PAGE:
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Addiction Treatment for Gay Men

Addiction Treatment for Gay Men

Background on Addiction & Suffering

Addiction Treatment for Gay MenWhen we get hurt, or wounded, we seek out fixes to feel better. Traumatizing events in life create pain which is easily treated through alcohol and drugs. While not sustainable for most, each soothes in ways powerful and immediate.

How then do we heal the parts of us, hurt in the journey? Through strong, affirming trauma-informed community and clinical care is our thinking.

Different groups or “tribes” find fixes in different spots, many unique different from the next one. The LGBTQI+ community is broad and bold in ways not considered possible to our elders today. The gay men who survived the AIDS epidemic, and the army of lesbian friends and support who helped activate a dedicated community response in the 1980s and 1990s, remain as community across the nation. This tribe has changed, grown, strived and survived in ways unimagined a generation ago.

We have come so far, and yet, the suffering in the gay community remains enormous in places. ChemSex drives the meth addiction cycle. Loneliness and social influences fuel alcohol and prescription use and abuse. Breathe’s founders are gay (Brad Lamm) and lesbian (Deb Hughes) and as dedicated leaders and caregivers for decades, the consideration given gay clients is significant. Breathe is not just LGBTQI+ informed, it is in our DNA. So from this place we spring into action, to help and inspire, to equip and heal.

As with so much in the information age, knowledge and experience around human sexuality and gender identity has grown immensely and so has the knowledge of substance abuse and treatment for those suffering. From samhsa.gov “Research suggests that sexual minorities (e.g., people who identify as lesbian, gay, or bisexual) are at greater risk for substance use and mental health issues compared with the sexual majority population that identifies as being heterosexual.”

The struggles gay folks face daily can contribute to high levels of stress, anxiety and more often substance abuse as a coping strategy and in turn having addiction problems. These particular groups have higher discrimination rates and can have struggles in the workplace, in relationships and in school. According to SAHMSA 20 to 30 percent of people in the LGBTQI+ population are affected by substance abuse disorders with only 8.4 percent of the total population being affected. People in these groups are often going into unwelcoming environments and feel like minorities. We suffer in greater numbers, as a percentage of our tribe, than others.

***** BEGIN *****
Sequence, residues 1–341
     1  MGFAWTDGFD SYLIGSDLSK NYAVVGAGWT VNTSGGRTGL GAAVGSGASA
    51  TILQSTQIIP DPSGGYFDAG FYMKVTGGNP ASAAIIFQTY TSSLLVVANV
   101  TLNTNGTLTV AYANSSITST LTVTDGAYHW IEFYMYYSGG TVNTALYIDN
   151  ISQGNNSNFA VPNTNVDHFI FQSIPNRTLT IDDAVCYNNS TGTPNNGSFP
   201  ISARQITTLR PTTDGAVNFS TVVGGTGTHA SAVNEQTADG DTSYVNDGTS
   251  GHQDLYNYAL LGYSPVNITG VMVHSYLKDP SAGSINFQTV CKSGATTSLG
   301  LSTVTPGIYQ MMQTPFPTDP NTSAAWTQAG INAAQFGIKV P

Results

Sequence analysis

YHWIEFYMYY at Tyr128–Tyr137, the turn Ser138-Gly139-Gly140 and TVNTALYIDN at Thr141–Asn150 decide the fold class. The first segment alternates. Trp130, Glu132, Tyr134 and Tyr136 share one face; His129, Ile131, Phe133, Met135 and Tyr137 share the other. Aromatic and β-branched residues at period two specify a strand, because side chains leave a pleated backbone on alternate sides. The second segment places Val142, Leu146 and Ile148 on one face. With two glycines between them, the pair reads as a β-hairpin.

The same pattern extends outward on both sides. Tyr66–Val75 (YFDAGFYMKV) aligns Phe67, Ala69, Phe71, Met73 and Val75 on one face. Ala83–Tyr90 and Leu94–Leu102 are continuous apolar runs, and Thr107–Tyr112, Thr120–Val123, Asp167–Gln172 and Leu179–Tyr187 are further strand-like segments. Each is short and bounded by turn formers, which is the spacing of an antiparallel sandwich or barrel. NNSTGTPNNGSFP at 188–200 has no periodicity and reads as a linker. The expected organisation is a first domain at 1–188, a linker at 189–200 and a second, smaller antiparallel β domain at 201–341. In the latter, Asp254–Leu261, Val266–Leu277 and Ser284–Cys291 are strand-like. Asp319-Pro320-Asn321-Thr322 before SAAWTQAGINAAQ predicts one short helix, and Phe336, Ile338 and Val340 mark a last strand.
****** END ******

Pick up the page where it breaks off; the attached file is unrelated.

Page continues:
Common Substances

The constant stress and struggles for gay men can cause many of them to resort to substance abuse as a means to cope with hardships they are facing. The reason that most people do this is for stress relief, social relaxation and forgetting about their diagnosis.

Some of the most common substances abused in these communities include:

  • Stimulants
  • Sedatives
  • Marijuana
  • Cocaine
  • Tranquilizers
  • Nitrite inhalants
  • Hallucinogens

A recent SAMHSA report found that in the past year 39.1 percent of LGBTI+ people have used illicit drugs with only 17.1 percent of reported heterosexual adults. What’s more, in the past year 15.1 percent of gay and bisexual people reported having a substance abuse problem or disorder.

Struggles in the LGBT Community

Although our society is moving in a direction towards accepting the LGBT community there remain many struggles, and obstacles frankly, that people in these group face all the time. Sometimes the biggest hurtle is accepting themselves and understanding that they are a person just like everyone else. Society remains, in so many distinct and dividing ways, not always committed to supporting safety and stability in the community.

Homophobia and LGBT Addiction in a Heteronormative World